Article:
Using an ROS on veneer plywood before finishing waterlox?

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Forum topic by jcox posted 02-19-2014 04:29 AM 1787 views 0 times favorited 4 replies Add to Favorites Watch
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17 posts in 2428 days

02-19-2014 04:29 AM

I have some walnut veneer plywood that I am making into a bed. I recently (i.e., today) picked up the Festool ETS 125 ROS and was thinking of using it to smooth out the slight rough spots on the veneer before I get into finishing the wood with multiple coats of waterlox original/sealer and satin finish. I bought the plywood from a good local lumber shop, and so the veneer should not be the microscopically thin stuff you might find at a BORG; however, I’ve only handsanded veneers in the past and am unsure whether I can use an ROS without burning through the veneer and ruin the panel.

Any thoughts? My plan was to do a 180 grit, and then a 220, before beginning to lay layers of waterlox down? Should I skip the 180? Skip the 220? Abandon the idea of using an ROS, or try a different grit level entirely? If it’s possible to use the ROS, I really want to as it would save me a lot of time considering the number of sheets of walnut-veneer plywood I will be using on this project. However, I also don’t want to set myself up for failure if it is impossible or requires a level of skill to do that I do not yet have.

Thanks for your thoughts or any insight you might have!


4 replies so far

View pmayer's profile


1032 posts in 3243 days

#1 posted 02-19-2014 09:18 AM

With high quality plywood you should have no problem sanding using a ROS with those grits. You could start at a more aggressive grit than that if you want. Try it on a piece of scrap first, obviously to determine just much sanding yours can handle before you burn through. If you hold your ROS flat (no tipping) and apply little pressure, I bet you could sit in the same spot for at least 30 seconds with 180 grit before burning through. Would be an interesting test. The other day I was doing a test with a hand plane after I tuned it up to see if I could take shavings off a sheet of good quality plywood. This was good quality, not great quality, purchased at a home center. I found that I could take 5-6 shavings (extremely fine) before seeing the next layer in the plywood. So, if you can use a hand plane on it, a ROS is not a problem. But beware of cheap plywood, as I have also sanded through the veneer on some low end plywood within seconds.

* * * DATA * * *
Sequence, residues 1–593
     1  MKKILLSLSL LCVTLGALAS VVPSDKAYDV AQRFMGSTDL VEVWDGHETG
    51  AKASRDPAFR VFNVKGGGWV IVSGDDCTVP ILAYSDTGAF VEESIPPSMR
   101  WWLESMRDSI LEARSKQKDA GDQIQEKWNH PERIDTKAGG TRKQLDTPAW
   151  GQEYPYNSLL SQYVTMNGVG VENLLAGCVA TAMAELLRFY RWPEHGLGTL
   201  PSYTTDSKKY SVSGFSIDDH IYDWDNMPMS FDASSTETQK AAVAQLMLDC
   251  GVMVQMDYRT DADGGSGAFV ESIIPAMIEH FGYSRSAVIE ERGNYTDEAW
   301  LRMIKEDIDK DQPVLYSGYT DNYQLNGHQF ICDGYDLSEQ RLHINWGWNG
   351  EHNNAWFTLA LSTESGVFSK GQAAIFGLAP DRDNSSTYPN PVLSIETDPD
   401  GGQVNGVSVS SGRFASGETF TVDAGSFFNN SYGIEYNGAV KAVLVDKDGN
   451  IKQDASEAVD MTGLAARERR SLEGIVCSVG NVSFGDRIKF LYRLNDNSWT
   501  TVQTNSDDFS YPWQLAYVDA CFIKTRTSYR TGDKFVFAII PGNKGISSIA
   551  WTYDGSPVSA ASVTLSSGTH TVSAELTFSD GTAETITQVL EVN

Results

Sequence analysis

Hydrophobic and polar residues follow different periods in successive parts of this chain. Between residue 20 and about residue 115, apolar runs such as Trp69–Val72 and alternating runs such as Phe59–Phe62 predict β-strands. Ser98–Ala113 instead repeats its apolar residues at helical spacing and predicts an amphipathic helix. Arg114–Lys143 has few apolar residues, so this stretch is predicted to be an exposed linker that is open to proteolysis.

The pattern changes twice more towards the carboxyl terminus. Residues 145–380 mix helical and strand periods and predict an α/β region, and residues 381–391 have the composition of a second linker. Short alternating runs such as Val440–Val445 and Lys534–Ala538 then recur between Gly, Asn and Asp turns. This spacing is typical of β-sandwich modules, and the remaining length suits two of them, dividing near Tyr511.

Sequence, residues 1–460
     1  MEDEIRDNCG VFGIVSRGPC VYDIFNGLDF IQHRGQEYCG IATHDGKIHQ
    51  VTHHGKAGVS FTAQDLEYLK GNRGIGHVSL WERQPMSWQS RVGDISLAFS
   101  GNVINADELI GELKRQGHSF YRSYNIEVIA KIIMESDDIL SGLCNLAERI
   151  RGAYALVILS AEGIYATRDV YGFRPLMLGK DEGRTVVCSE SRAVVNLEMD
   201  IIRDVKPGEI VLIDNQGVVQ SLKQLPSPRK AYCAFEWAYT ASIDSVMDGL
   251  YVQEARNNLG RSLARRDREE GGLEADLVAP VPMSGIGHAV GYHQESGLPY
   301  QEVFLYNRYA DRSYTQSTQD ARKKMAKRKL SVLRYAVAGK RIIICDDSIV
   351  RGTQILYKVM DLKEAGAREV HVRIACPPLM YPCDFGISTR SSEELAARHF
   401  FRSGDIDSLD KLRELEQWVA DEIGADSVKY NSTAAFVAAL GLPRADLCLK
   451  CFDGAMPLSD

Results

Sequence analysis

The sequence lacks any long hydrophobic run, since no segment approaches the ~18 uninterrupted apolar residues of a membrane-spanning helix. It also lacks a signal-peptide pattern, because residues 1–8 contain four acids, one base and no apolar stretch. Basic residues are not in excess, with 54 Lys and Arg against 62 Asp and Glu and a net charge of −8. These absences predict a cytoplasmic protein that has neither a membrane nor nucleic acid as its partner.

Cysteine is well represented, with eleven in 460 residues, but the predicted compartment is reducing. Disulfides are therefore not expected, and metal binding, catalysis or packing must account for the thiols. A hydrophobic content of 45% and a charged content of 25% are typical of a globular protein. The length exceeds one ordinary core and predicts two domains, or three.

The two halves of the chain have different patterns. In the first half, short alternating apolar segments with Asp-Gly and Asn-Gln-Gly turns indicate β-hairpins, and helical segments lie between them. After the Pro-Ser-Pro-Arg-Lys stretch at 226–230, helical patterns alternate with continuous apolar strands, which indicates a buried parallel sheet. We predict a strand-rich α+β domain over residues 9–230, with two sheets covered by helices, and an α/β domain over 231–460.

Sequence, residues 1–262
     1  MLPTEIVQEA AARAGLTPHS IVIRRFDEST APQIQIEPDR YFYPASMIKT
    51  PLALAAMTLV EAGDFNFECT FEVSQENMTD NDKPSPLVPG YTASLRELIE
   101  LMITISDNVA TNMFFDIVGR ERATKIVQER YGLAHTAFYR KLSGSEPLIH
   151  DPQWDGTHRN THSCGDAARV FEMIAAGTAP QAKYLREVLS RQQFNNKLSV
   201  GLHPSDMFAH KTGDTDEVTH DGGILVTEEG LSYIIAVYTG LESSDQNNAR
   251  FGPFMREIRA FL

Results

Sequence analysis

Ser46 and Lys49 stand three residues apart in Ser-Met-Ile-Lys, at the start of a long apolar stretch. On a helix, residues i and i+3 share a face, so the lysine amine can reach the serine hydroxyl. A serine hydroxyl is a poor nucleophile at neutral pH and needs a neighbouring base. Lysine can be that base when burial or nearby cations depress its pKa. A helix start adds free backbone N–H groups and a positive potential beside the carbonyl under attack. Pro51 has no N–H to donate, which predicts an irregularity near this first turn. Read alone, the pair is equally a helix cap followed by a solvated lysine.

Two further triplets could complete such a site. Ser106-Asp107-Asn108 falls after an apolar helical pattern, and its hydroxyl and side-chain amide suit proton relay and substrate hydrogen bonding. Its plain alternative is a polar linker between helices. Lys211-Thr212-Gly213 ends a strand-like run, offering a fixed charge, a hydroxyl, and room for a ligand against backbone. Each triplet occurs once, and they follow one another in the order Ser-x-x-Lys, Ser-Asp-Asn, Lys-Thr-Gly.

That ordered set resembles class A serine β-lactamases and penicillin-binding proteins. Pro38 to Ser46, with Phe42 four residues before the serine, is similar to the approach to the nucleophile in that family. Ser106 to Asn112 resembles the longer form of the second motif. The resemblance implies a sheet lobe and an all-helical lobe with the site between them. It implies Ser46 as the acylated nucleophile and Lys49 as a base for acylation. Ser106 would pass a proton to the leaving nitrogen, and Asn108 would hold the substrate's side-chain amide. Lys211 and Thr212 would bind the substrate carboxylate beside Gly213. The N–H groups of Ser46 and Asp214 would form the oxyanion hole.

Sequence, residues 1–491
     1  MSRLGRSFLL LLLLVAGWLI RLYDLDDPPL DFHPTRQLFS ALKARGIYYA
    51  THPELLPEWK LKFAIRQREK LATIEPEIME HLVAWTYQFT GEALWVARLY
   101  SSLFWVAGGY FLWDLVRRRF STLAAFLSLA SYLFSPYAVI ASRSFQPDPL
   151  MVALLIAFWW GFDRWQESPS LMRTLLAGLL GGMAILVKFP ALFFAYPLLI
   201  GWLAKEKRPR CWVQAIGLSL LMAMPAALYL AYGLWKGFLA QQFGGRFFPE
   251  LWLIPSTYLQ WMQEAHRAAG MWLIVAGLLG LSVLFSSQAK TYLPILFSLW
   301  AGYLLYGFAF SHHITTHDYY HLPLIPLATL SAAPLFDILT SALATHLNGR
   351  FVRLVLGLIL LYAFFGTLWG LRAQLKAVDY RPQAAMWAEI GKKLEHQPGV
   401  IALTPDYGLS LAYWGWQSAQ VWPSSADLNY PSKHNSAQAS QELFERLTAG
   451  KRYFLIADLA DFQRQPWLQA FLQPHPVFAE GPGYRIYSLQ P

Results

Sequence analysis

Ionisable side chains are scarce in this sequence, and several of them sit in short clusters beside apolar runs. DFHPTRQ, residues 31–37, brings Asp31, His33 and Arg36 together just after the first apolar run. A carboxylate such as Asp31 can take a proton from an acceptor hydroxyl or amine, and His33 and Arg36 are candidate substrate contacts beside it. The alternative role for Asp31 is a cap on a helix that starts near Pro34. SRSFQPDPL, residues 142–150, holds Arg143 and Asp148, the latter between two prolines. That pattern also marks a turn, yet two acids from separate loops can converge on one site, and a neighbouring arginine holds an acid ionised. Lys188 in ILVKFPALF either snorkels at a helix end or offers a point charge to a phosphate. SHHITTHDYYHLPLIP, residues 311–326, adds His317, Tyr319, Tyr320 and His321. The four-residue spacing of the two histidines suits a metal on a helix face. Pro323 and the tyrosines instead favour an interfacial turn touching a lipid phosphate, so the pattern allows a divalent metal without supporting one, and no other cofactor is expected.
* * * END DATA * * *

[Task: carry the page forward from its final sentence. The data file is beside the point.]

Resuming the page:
-- PaulMayer,

View AandCstyle's profile


3170 posts in 2435 days

#2 posted 02-20-2014 02:37 AM

I have sanded good veneer ply with no adverse results. IMO all you don’t need to start with 180 G, just use 220G. That will save you a little time. However, be aware that the ply will not take stain the same as hardwood. IMO you need to sand hardwood one level finer than the ply, i.e. 320G on the hardwood in this case. The reason is that the glue squeezes up through the veneer so the stain doesn’t penetrate as well. The 320G on the hardwood balances this out. Does this make sense? In any event, test your entire finishing schedule on scrap first. HTH

-- Art

View bigblockyeti's profile


5262 posts in 1898 days

#3 posted 02-20-2014 02:46 AM

Before sanding, measure the veneer thickness so your assumption of non-microscopically thin surface can be confirmed before ruining what’s probably not cheap plywood. +1 to working on a sample of like or similar material so you know what you’ll be dealing with from a material removal standpoint.

-- "Lack of effort will result in failure with amazing predictability" - Me

View woodchuckerNJ's profile


1298 posts in 1811 days

#4 posted 02-20-2014 02:47 AM

My opinion, which is just an opinion, is a 1/4 sheet sander. I think ROS which I have leave too many swirls and take off too much material. you are only looking to finely sand…Even hand sanding would work quickly, Some good Norton 3x or klingspor with a corked block will take only a few swipes to level.

-- Jeff NJ

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